More Soft Skill Assessment Questions


  • Tell me about yourself.
  • Have you ever had trouble working with a boss?
  • What do you do when you’re stressed or pressured?
  • Tell your 95-year-old grandma what you do for a job.
  • Which would you prefer: written or verbal communication?
  • Which one is more critical to you and why: being a good listener or a communicator?
  • Are you good at working with others?
  • What would you say about yourself?
  • How would your colleagues describe your personality?
  • What major challenges and issues have you faced? What did you do when they asked for help?
  • Write up to five sentences to convince me to buy a pencil.
  • Your colleague is publicly criticizing your work achievements. What do you do for fun?
  • Describe a difficult project or situation at work and how you overcame it
  • What have you learned from your mistakes?
  • What was it like having your supervisor as a boss?
  • A good supervisor should be able to help you improve your skills.
  • What was the greatest disappointment in your lifetime?
  • What are you most passionate about?
  • What are your pet peeves?
  • What do people most commonly criticize about me?
  • When was the last time you felt angry? What happened?
  • Do you prefer working alone or with others?
  • Give some examples of how you worked together to complete a critical project.
  • Why are you the most qualified person for the job?
  • What makes you want to work here instead of somewhere else?
  • What can you offer this company?


  • Which one do you like better and why? Teamwork or working alone?
  •  How important are team events for you?
  • If a team isn’t performing well because members aren’t getting along, tell me how you’d overcome that situation.
  • Everyone agrees on how to approach a certain task, but you disagree. How do you react?
  • Team spirit means something different to everyone. How would you go about building team spirit?
  • How would you handle a team member who isn’t doing his/her fair share of work?


  •  Are you a leader? 
  • You know your manager is 100% wrong about something. What do you do?
  • Describe a situation in which you have led a team
  • Your team members are quitting one after another. What do you do?
  • How do you go about delegating responsibilities to a team?
  • What makes a good team leader?
  • You’re worried about your company’s finances and you need to cut down on staff costs. How would you decide who to fire?


  • What was the most difficult change you’ve encountered in your career? 
  • Do you like surprises?
  • How do you go through your schedule if something unexpected happens?
  • Give me an example of when you’ve had to deal with a sudden request.
  • Do you like routine tasks?


  • If your life were a book, what would its title be?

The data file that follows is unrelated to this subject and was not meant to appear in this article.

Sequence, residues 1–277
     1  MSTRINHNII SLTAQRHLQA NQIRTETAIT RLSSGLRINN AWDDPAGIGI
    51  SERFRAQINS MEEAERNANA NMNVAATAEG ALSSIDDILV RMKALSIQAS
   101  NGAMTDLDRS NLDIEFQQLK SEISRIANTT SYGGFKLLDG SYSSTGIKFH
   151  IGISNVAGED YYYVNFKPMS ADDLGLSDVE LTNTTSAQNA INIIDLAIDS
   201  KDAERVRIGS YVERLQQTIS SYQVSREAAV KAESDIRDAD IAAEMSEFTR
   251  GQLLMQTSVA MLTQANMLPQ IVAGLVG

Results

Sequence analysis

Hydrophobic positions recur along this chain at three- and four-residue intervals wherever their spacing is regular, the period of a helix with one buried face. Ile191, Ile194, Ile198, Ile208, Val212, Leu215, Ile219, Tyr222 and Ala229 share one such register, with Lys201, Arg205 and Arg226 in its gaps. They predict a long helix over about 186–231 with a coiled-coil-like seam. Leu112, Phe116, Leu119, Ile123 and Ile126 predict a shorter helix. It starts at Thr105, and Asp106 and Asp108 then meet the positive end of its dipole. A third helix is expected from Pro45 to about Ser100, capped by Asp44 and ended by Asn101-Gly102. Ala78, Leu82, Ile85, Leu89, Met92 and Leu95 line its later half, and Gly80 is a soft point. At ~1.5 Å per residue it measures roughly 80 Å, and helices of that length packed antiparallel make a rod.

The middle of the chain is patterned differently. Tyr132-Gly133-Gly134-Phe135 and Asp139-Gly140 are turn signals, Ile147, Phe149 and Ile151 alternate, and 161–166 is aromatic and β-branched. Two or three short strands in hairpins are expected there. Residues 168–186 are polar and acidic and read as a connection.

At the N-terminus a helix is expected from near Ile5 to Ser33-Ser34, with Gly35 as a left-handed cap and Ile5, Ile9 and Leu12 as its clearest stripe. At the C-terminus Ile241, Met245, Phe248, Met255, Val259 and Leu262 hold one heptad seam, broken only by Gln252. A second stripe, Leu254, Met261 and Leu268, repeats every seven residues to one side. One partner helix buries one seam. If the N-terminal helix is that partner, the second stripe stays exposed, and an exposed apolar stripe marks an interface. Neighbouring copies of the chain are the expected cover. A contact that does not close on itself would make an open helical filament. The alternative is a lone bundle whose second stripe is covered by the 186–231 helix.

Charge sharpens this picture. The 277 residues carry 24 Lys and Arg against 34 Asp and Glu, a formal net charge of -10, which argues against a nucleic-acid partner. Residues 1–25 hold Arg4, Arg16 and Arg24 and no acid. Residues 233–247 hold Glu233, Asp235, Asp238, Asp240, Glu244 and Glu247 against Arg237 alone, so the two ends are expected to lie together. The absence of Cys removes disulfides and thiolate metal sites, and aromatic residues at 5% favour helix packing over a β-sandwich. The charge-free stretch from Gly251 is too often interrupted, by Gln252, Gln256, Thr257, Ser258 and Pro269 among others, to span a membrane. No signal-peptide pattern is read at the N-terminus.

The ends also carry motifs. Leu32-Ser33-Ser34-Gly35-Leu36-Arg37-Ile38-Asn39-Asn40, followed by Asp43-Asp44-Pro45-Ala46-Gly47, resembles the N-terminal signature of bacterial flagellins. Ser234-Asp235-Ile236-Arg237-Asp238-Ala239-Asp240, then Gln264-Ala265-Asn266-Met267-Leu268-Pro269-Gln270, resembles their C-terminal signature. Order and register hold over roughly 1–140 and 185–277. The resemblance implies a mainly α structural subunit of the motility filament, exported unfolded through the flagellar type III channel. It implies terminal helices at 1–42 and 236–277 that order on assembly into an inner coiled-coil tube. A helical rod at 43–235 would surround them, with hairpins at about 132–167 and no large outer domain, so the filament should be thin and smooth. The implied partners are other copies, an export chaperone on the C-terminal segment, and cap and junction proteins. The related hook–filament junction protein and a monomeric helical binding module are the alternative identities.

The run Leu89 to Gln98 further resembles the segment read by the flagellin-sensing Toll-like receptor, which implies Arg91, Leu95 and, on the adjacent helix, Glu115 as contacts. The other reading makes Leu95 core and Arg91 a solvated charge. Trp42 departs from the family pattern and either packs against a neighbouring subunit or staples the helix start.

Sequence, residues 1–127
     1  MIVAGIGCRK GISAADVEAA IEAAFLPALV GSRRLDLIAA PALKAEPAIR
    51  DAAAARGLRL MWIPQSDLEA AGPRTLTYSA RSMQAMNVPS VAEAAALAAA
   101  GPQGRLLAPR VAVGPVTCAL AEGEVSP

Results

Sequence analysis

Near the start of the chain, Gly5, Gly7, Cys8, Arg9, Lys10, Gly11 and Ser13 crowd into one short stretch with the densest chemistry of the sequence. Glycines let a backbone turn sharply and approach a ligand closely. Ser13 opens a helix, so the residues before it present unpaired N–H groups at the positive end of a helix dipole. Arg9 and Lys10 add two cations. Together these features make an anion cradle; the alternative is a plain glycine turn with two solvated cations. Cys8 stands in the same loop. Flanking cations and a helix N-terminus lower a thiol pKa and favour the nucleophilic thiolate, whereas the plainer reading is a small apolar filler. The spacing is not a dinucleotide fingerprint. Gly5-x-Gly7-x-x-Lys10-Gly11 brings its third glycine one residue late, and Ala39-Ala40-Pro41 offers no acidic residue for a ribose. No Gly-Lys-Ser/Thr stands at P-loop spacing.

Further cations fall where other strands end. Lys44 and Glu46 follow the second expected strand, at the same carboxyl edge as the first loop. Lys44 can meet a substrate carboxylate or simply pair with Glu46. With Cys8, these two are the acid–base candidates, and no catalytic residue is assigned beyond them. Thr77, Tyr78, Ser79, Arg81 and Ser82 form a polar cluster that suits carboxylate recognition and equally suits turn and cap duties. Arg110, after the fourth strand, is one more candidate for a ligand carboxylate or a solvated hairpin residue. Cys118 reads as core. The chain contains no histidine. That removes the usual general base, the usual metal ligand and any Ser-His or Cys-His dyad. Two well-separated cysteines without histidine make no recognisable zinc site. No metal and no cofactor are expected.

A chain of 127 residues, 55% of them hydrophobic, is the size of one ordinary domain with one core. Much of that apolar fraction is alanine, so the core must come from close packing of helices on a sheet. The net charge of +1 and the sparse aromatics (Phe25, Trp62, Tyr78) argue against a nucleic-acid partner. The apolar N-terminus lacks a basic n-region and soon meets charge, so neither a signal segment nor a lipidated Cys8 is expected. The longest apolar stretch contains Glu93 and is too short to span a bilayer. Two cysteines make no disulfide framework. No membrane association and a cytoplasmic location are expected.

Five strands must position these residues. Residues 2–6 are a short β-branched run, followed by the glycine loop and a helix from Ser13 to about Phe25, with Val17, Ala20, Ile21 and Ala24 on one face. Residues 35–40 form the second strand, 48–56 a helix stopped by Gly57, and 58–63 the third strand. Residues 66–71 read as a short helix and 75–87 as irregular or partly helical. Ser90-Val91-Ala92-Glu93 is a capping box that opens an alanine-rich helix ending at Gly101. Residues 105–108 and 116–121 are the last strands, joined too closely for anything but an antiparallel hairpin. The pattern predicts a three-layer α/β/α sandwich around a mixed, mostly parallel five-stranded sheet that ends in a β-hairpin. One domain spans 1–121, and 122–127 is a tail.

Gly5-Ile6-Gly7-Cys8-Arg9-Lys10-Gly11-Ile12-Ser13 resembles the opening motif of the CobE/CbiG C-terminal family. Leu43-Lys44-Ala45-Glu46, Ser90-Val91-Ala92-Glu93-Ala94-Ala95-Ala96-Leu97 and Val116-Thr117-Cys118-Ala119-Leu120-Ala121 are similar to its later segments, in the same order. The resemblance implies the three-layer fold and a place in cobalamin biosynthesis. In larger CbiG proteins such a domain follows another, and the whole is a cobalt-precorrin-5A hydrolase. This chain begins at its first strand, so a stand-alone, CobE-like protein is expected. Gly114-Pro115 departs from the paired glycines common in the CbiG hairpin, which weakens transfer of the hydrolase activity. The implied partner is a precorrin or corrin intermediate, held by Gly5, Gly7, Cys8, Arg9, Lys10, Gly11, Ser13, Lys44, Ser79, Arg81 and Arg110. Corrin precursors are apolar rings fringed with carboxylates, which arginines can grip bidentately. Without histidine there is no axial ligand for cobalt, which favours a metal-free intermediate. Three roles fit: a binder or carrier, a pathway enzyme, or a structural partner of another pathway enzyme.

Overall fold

• How could you spice up meetings to improve creativity?
  • Give me an example where a business was creative in order to be successful.
  • In what ways have you encouraged your employees to be more creative and innovative?


  • Give me an example where you’ve successfully solved a problem.
  • Give me an example of when you’ve had to solve a problem creatively or unconventionally.
  • Tell me about a situation where you had to analyze information in order to successfully solve a problem
  • Describe a time when you identified a problem and then solved it before it became an issue.
  • Describe a time you had to solve a business problem during a crisis.

Interpersonal skills

  • What are the key elements to building good relationships with people?
  • How do you handle situations where there is tension with a colleague?
  • Describe how you’d communicate difficult or unpopular information.
  • Tell me about a situation where you built a good relationship even though you didn’t really like the person.

Time management

  • Are you a multi-tasking person?
  • Which one better describes who you are: ‘done is always better than perfect’, or ‘everything has been perfectly done?
  • If you have a number of upcoming deadlines, how do you prioritize your work?
  • Describe a situation where you’ve had trouble meeting deadlines. What did you do?
  • Your boss assigns you a big task at the end of the day, but he doesn’t tell you what it is. How would you respond?

Work ethics

  • Are you working too many hours?
  • What are the most import­ant ethics in the workplace? 
  • Give me an example of when you faced an ethical decision at work.
  • If you found out that a manager was breaking company policy, what would you do?
  • You finish your work faster than expected. Do you allow yourself some time off? Are you going to ask for additional tasks?

Customer service

  • Give an example of when you’ve had to deal with an unsatisfied customer and how you did so.